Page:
East Asia Forum, May 2010
East Asia is dominated by the security triangle between the US, Japan and China. The US-Japan Alliance has greater aggregated economic and military might, but has been relatively static in recent years. Simultaneously, Chinese economic and military power is growing exponentially. In this context, growing Sino-Japanese political ties seem to indicate that Japan is considering its options.
Is a realignment in the security triangle taking place or are these developments merely cosmetic?
In his International Security article, ‘The Future of US-China Relations’ (2005), Aaron L. Friedberg discusses the US-Chinese relationship in terms of the three schools of international relations theory: realism, liberalism, and constructivism. Using the same framework, this piece analyses the US-Japan Alliance to see what factors might lead to its continuation or dissolution in the face of a growing China.
Realism: the US-Japan Alliance could go either way
At a general level, realism posits that states are in a Hobbesian zero-sum competition for power and influence, and that states are compelled to act only by their own self-interest. A state’s self-interest is defined according to the prevailing international power balance.
Adopting a realist viewpoint, Japan’s shift away from the US and toward China is a natural reaction to the rise of China and the decline of the US, evidenced by the financial crisis and by the steady draw on American power of the conflicts in Afghanistan and Iraq. Japanese self-interest demands that it recognise the prevailing power-shift in international relations, gives less weight to the Japan-US alliance, and simultaneously strengthens its relationship with China.
But realism does not demand one course of action. Realists might also point to the zero-sum nature of international relations and suggest that Japan’s power is reduced as Chinese influence grows in the region. Following this line of reasoning, Japan’s self-interest would be best served by maintaining the US alliance and using it – together with other Asian relationships – to push against Chinese hegemony.
Liberalism: regional integration (with some associated issues)
Liberalism argues that economic interdependence and international institutions will gradually impel states away from a competitive framework towards a cooperative framework. Modern liberalism, exemplified by Thomas Friedman’s Lexus and the Olive Tree, holds that international integration will cause a gradually cause all states to democratise, as democracies are the most efficient way of developing wealth in a globalised world. Seen from this point of view, Hatoyama’s notion of an East Asian Community is an attempt by a liberal democracy to bind China to a regional institution in the hope that gradual exposure to democratic and open societies will have a long-term ‘socialising’ affect on the Chinese system. The end result, it is hoped, will be democratisation in China, and comprehensive regional integration.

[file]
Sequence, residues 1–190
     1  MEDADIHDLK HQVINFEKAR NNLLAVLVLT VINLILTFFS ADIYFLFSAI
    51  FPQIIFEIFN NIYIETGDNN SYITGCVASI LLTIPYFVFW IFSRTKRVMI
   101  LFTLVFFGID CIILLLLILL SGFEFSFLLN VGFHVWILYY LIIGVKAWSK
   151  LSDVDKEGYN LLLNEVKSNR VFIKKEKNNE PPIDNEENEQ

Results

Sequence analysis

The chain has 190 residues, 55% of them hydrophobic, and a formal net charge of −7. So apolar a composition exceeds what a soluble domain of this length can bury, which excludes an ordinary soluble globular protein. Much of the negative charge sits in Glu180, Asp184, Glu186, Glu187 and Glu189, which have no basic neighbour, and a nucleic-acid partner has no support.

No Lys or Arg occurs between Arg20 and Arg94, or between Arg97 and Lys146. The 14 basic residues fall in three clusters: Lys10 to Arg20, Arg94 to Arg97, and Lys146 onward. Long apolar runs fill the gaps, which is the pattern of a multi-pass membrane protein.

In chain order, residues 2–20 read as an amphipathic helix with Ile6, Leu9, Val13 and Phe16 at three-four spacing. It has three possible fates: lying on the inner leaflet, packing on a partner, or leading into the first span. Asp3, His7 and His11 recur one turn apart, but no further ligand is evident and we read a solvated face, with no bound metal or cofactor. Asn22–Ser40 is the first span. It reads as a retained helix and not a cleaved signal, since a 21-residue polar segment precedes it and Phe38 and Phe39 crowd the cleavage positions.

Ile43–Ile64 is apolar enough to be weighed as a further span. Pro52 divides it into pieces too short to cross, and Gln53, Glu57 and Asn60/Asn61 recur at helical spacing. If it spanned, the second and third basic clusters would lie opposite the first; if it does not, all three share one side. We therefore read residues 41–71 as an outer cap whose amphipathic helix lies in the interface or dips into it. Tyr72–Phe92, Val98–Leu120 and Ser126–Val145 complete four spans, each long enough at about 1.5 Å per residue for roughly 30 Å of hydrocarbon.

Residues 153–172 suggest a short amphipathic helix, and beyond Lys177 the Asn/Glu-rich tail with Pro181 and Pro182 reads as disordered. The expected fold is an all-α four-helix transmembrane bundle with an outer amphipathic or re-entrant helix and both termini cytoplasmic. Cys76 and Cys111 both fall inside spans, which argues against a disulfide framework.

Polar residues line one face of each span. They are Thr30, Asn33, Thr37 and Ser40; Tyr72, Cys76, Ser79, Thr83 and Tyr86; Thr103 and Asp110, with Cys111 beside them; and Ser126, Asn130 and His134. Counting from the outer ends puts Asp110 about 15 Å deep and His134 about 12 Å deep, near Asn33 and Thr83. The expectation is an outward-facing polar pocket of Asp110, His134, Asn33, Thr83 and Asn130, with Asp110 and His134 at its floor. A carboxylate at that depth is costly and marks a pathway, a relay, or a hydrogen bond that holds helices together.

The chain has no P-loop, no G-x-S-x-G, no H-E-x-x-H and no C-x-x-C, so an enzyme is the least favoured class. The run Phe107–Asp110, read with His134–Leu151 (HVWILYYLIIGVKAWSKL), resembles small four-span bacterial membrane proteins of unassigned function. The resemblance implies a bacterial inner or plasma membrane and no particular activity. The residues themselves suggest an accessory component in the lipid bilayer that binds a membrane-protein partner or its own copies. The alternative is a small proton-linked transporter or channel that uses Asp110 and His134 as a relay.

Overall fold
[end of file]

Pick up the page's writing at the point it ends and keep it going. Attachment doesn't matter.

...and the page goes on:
One problem with this interpretation is that it does not deal in specifics. It leaves the very real social upheaval of Chinese democratisation to the distant future and does not entertain the very real possibility that the Chinese Communist Party may remain the only game in the Chinese town. If this were the case, the US-Japan alliance would suffer severe tension as Japan sought to balance its security relationship with the United States on one hand, and its community partner interests on the other.
Constructivism: pulling Japan towards the US-Japan alliance
Constructivism holds that international politics are not merely influenced by state interaction, trade relations, or military power, but also by the identity, the beliefs and norms of the political elites who direct state policies. According to constructivists, public opinion also influences the actions of states.
What does public opinion in China and Japan suggest about the US-Japan Alliance, or the Sino-Japanese relationship?
Chinese and Japanese public opinion is characterised by mutual antipathy with deep historical roots. Given this, adopting a constructivist viewpoint, it seems unlikely that the Sino-Japanese alliance could develop too much further. In fact, public opinion in Japan, and indeed in the United States, generally favours a strong US-Japan alliance at the expense of strengthening the Sino-Japanese relationship, and it is arguable that the current unpopularity of the DPJ is a direct result of the DPJ’s emphasis upon China at the expense of the US. Constructivism does allow for social beliefs to shift. But the current growth of nationalism in both China and Japan, indicates that a shift away from the US-Japan alliance is unlikely.
What do the beliefs of Japanese political elites portend for the security triangle?
While China is often called a hyper-realist power, the US and Japan both have a mixed record of viewing the international order in realist and liberal terms. Japan’s present government seems to emphasise liberalism. But it is possible that China’s realist approach will cause Japanese elites to adopt a more realist point of view. Certainly, China’s military development has caused concern within defence circles in both the US and Japan. On the other hand, the US government appears preoccupied with domestic issues. In this context, Japanese elites could decide that their future is better served by a strong Sino-Japanese relationship.
Conclusion: There are no simple answers
The US-Chinese-Japanese security triangle is a complex situation. Discussing it through the prism of three international relations theories helps to clarify possible developments. But this discussion has shown that, even if one of these theories is adopted at the expense of others, future movement remain hard to predict.